The Pen and Paper
Developed by The Indiana Writing Project
A local site of the National Writing Project
Thoughts about writing...
We have found that mentor texts can be used to motivate and support students with their writing. Have you ever given a writing assignment and had students say, “I don’t know what to write about.” We remember how we felt defeated as teachers--we had presented what we thought was a wonderfully motivational lesson only to see blank looks and still pencils. Then we discovered using mentor text to generate story ideas! We read a mentor text and then gave students choice (an invitation to write), and the students wrote more because they felt in charge of their writing. Mentor texts are often picture books that contain quality writing craft, but mentor text can also be an article, a paragraph from a novel, a short story--really anything that is written well and is appropriate for students. Using a mentor text is not only a way to generate story ideas, but it is a quick way to show writers imagery, dialogue, word choice, etc. Peach and Blue by Sarah Kilbourne does just that. After seeing these great examples mentor texts provide, students can practice the craft in their own writing. . . standing on the shoulders of experts.
Finding mentor text may seem a daunting task, but we found using mentor text brings joy along the way while planning. We believe mentor text can be required books, poetry, newspapers, scripts, really anything that is written well. We use what we love, because if we love it--our students will too. After making students familiar with the storyline of the text, we used the text to point out the tricks and word magic , the craft, the writer used to make the ideas come to life for the readers! Once we made the reading/writing connection, and taught our students how to make the reading/writing connections, no one in our classroom ever read the same way again. The writing craft will pop up! It is so rewarding to have students, while reading, tell us about finding Magic Threes, or simile, or a circular ending! We rejoice with the students about their “noticings.”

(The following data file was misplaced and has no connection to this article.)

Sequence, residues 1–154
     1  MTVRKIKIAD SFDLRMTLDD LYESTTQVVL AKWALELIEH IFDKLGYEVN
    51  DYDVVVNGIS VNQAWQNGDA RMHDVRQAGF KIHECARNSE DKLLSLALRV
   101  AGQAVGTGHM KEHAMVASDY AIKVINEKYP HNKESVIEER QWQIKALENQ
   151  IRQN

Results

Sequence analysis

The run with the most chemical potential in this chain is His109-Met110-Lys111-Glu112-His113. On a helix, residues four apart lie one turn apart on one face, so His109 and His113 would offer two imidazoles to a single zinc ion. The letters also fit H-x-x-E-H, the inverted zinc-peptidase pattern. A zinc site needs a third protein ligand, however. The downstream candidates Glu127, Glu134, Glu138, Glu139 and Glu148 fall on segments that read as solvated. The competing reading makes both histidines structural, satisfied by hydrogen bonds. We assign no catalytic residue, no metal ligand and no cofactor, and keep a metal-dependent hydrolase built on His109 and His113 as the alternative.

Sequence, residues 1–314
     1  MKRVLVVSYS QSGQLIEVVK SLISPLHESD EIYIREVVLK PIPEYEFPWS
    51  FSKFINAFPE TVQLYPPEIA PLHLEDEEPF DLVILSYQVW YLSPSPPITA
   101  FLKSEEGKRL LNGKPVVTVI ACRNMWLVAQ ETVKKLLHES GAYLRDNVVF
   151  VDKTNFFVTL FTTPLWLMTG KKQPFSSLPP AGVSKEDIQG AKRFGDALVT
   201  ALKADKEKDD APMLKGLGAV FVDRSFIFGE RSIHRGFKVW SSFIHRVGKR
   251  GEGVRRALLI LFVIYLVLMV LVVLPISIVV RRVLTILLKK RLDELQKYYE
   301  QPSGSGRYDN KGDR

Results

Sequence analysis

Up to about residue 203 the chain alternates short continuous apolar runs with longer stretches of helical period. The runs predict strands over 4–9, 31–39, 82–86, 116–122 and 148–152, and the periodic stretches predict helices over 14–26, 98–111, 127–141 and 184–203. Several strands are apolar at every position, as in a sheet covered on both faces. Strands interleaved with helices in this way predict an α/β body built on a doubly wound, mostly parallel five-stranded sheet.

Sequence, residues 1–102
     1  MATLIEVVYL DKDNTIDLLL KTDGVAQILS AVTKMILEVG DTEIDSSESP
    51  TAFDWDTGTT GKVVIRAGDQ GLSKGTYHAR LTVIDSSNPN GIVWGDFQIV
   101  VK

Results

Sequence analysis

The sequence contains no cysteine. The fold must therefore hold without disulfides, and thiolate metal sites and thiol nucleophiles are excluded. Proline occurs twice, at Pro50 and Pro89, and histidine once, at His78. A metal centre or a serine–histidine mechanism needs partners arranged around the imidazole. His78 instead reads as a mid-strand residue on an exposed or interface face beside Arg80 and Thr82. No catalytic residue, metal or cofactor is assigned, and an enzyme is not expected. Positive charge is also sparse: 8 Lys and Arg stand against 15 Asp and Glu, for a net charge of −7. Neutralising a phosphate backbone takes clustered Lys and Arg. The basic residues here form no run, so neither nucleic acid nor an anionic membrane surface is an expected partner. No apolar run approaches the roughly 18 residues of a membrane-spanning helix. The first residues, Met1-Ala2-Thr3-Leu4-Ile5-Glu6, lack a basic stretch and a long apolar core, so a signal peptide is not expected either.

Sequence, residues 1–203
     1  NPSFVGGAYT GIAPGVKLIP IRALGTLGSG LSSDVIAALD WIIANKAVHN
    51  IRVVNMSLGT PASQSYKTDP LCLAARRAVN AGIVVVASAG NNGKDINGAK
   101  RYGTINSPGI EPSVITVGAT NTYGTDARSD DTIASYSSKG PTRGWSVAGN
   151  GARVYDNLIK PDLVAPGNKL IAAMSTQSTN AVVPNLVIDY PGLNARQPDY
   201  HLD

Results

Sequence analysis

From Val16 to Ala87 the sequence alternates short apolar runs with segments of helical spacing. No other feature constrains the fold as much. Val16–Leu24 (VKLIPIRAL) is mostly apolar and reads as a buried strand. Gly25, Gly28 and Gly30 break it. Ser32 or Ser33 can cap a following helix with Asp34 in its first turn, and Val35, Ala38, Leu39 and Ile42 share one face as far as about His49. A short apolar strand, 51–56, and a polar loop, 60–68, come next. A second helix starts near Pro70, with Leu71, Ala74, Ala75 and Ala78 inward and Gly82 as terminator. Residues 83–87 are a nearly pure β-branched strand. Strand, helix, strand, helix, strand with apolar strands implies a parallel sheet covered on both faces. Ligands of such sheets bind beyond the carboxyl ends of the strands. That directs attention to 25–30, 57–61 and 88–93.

We also found that we did not need many mentor text to demonstrate our entire writing curriculum. We selected a couple mentor text for each writing craft/genre to referred to many times throughout the year. (We use 8-10 books to teach all writing craft following Katie Wood Ray’s example in Wondrous Words). Each mentor text contains several examples of writing craft and is used over and over again to provide examples for our students to emulate. These books become the students’ best friends and provide valuable connections to published experts who assist in guiding our students’ learning. Students may not remember imagery, but they will remember Peach and Blue and the beautiful description of the pond. . . “The green of the moss, of the reeds, of the grass. The red of my skin of the ladybug’s back. The blue of your belly, of the afternoon’s sky. The brown of the bank of the eider duck’s eye. The white of the swans, of the kingfisher’s eggs. The cream of cocoons, of the whippoorwill’s legs. . . “ Can’t you see this in your mind’s eye?
In closing, it is okay for our students to emulate the craft they see in their favorite authors’ texts. Writers learn from being exposed to wonderfully written material. As teachers, we need to teach them to not only enjoy the story, but appreciate the craft that goes into telling the story. We teach them to write like readers and read like writers.
What do you think of our new format? Let us know! Also, is there a topic about which you have questions? Send us an email! We want the Pen and Paper to be helpful to you! Until next month, write on!
Shirley and Susan
Kelly Gallagher on Mentor Test
Why Use Mentor Text?
Using Mentor Text to Motivate and Support Student Writers